Rose M. Marra is an associate professor in the School of Information Science and Learning Technologies at the University of Missouri. She is PI of the NSF-funded Assessing Women and Men in Engineering (AWE) and Assessing Women in Student Environments (AWISE) projects. Her research interests include gender equity issues, the epistemological development of college students, and promoting meaningful learning in web-based environments.
Women Engineering Students and Self-Efficacy: A Multi-Year, Multi-Institution Study of Women Engineering Student Self-Efficacy
Article first published online: 2 JAN 2013
2009 American Society for Engineering Education
Journal of Engineering Education
Volume 98, Issue 1, pages 27–38, January 2009
How to Cite
Marra, R. M., Rodgers, K. A., Shen, D. and Bogue, B. (2009), Women Engineering Students and Self-Efficacy: A Multi-Year, Multi-Institution Study of Women Engineering Student Self-Efficacy. Journal of Engineering Education, 98: 27–38. doi: 10.1002/j.2168-9830.2009.tb01003.x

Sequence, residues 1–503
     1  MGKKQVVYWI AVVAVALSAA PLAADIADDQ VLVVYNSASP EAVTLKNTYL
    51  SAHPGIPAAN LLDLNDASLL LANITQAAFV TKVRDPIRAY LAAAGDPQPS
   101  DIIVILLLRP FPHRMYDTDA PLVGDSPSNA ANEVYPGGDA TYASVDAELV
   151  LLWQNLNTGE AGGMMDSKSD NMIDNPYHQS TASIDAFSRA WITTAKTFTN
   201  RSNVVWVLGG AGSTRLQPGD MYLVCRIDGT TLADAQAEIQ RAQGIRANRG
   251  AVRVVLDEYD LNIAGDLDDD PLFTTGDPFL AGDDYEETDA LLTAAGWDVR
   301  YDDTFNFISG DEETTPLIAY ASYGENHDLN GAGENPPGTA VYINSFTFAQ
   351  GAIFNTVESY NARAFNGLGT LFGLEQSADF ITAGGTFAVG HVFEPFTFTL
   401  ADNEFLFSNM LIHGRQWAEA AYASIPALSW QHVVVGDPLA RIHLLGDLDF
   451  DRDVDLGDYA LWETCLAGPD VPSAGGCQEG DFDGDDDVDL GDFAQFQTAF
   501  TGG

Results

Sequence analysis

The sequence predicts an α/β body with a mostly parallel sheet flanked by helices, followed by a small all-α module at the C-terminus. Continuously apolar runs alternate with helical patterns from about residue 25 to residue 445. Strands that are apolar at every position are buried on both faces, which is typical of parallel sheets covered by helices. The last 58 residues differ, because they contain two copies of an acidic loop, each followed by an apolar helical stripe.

- Issue published online: 2 JAN 2013
- Article first published online: 2 JAN 2013
- engineering curriculum;
As our nation's need for engineering professionals grows, educators and industry leaders are increasingly becoming concerned with how to attract women to this traditionally male career path. Self-efficacy has been shown to be related to positive outcomes in studying and pursuing careers in non-traditional fields. This paper describes the results of two years of engineering self-efficacy data collected from women engineering students at five institutions across the U.S. This study adds to the growing body of self-efficacy literature via its multi-year, multi-institution design and helps to clarify the impact of the engineering curriculum on self-efficacy. Results indicate that while women students show positive progress on some self-efficacy and related subscales, they show a significant decrease on feelings of inclusion from the first to second measurement period and further suggest a relationship between ethnicity and feelings of inclusion. Additionally, correlations show that self-efficacy is related to women students' plans to persist in this predominantly male discipline.